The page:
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Family's Guide: How can I support my students with Math Skills at home?

Updated: Oct 26, 2021

At LCB Tutoring, I make this easier for parents to do! How? Well..your responsibility is to just be a parent when you sign up here. Whatever that looks like and feels like for you. When you hire me to be your student's Math tutor, my responsibility is to teach Math and help fill any gaps and advance them in the areas needed. All you have to do is just support the process! Every two weeks or every week (depending on the plan you sign up for), I send updates as well as tips and tricks on ways to support the Math concepts we are covering in tutoring at home. I do this in a way that doesn't require you to know the material or have to think too hard, basically the student does all the work and you just watch, listen, and ask questions! (Maybe even take notes, if you prefer!)

Now, if you are reading this and your student is not a part of LCB Tutoring, it's totally fine! Keep reading, the tips I will share is for anyone who has a student in school learning Math! If you're a homeschool parent, no problem, the tips can help you too!

Part 1: Meet your student "where they are" in Math

You can do this by talking to your student's teacher. Maybe you can do this monthly or biweekly, whatever you and the teacher agree upon. Find out what they are learning in Math and just ask the teacher: How can I support at home?

(If you are a part of LCB Tutoring, you don't have to ask, I will automatically in updates send you ways to support!)

Look up your student's curriculum which can be found with searching on Google. All you have to do is select your student's grade level and it gives you the standards!

If you are in Texas, it goes by the TEKS, and here are links by grade level to get to it:

Grades 6-8:

High School:

Most other states follow the Common Core Standards, and here are links by grade level to get to it:

(Just look on the right hand side, where it says "Kindergarten-Grade 12" and select the grade level.)

(This is a 93 page PDF document, but it has a Table of Contents where you can find your student's grade level and seek those pages, and easily print it off if you prefer.)

Also, when you find the standards or TEKS you may ask do I break this up? How am I suppose to understand it? Reach out to me if you need help with this! And, you can also check out the Youtube Videos from others on how to break them up:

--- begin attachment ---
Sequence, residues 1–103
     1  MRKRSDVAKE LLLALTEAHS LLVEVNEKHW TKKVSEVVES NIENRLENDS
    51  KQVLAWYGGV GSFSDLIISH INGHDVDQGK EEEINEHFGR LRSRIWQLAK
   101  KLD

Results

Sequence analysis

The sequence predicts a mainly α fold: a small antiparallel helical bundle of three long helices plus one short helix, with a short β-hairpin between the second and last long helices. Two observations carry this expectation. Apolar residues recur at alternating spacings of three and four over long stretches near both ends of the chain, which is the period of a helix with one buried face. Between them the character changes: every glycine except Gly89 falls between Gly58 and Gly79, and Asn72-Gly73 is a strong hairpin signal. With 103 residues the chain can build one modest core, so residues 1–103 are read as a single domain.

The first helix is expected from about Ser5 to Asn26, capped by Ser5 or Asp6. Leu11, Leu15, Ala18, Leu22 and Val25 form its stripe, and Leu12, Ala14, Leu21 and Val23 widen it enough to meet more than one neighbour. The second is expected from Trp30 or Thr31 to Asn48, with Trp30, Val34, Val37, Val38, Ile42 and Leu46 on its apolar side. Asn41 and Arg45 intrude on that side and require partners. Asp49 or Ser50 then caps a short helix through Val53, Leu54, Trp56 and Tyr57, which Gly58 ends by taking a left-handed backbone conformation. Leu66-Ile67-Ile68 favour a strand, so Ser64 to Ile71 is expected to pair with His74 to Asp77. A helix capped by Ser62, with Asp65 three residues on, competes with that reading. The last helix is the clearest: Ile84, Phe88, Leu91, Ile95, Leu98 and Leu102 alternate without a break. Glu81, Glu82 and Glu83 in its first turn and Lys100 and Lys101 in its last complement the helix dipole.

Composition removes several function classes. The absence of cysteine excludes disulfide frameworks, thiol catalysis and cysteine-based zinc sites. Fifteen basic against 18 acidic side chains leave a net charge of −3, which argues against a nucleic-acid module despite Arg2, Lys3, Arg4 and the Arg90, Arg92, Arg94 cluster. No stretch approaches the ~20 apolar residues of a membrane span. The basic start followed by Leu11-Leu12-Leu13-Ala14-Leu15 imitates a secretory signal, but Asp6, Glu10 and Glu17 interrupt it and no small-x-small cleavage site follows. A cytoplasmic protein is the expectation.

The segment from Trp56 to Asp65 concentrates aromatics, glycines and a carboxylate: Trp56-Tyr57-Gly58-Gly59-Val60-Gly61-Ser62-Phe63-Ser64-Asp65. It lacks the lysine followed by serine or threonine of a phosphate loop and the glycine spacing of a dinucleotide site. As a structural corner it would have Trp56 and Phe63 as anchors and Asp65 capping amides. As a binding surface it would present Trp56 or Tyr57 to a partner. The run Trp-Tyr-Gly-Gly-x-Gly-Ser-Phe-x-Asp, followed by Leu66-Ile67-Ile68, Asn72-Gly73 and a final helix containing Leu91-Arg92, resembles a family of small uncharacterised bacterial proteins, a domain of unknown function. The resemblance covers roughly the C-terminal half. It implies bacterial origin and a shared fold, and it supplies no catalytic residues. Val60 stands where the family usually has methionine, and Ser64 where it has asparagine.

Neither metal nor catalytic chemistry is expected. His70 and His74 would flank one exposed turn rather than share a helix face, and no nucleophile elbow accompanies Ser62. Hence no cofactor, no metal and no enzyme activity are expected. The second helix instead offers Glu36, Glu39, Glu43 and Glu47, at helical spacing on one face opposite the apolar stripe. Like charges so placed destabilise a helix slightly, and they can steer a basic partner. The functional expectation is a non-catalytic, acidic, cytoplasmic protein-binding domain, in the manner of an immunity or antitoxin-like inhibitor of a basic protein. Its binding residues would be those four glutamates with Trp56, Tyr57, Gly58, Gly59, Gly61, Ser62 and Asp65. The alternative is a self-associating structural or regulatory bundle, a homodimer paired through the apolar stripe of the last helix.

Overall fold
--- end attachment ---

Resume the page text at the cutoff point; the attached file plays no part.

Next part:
How to understand/break up the TEKS:

How to understand/break up Common Core standards:

Part 2: Quick Tips and Tricks on How to support Math at home

  • Games involving Math (Hi, Ho Cherry-O, Yahtzee, Trouble, Monopoly, and so much more!)

  • Apps/Website on Math: Abcya, Math Playground, or Room Recess

  • Using Tactile objects: coins, beans, cut outs, stickers, food

  • Lots of online free printable(s) with Math concepts

  • Have students just show you as a natural conversation some things they learned

  • Create a nightly or every other night routine of a "Math Question of the Day"...To save you time, look at their work and choose one, or let them choose one!

  • Have natural math discussions (For example, if your student is learning about fractions...while cooking a pizza you could say: Cut this pizza into 8 equal slices for me, and grab 1/8 of the slice for yourself!)

  • If your driving or "on the go", ask questions to support Mental Math. (For example, if you are in SAMS Club, and you see a bag of chips priced for $3.25, you could ask, what place value is the 2 and 5 in after the decimal?)

  • Have a Math Vocabulary Wall in the home (or a journal just for Math Vocab words!)

  • Bring up Math during play time

  • Look for any indications of Math around the home

  • Money is always used and a good way to bring in multiple math concepts!

  • Relate Math to life!

  • As a parent, there's also lots of books in the library for kids and adults on Math! Choose and find a FUN one that is interesting to you!

The good part about all the tips and tricks listed is that here at LCB Tutoring, all of them are used naturally in our tutoring sessions, due to the fact that I use the "Whole Child Approach" to learning.

Click below to find out more about this approach to learning:

If you are a homeschool may be wondering..what if my student does not have a teacher, because I am the teacher? No worries! That's even better, because you know what they have been covering, and now you can move along to some tips and tricks!

Hope you found this blog helpful in knowing how to support your students with Math at home. Feel free to print this and keep it! Share this post with any friends or family who may be interested! Please also share the link on any Social Media pages you have!

Don't forget to ask me any questions or concerns you have with supporting Math. Even if your student is not signed up for LCB Tutoring, I can still offer limited advice to guide you!

1 question you can comment below if you like:

Which tip and trick from part 2 would you like to start off trying at home 1st to support? (I recommend only choosing 1 to start off and working on that one for 2-3 weeks before diving into another!)

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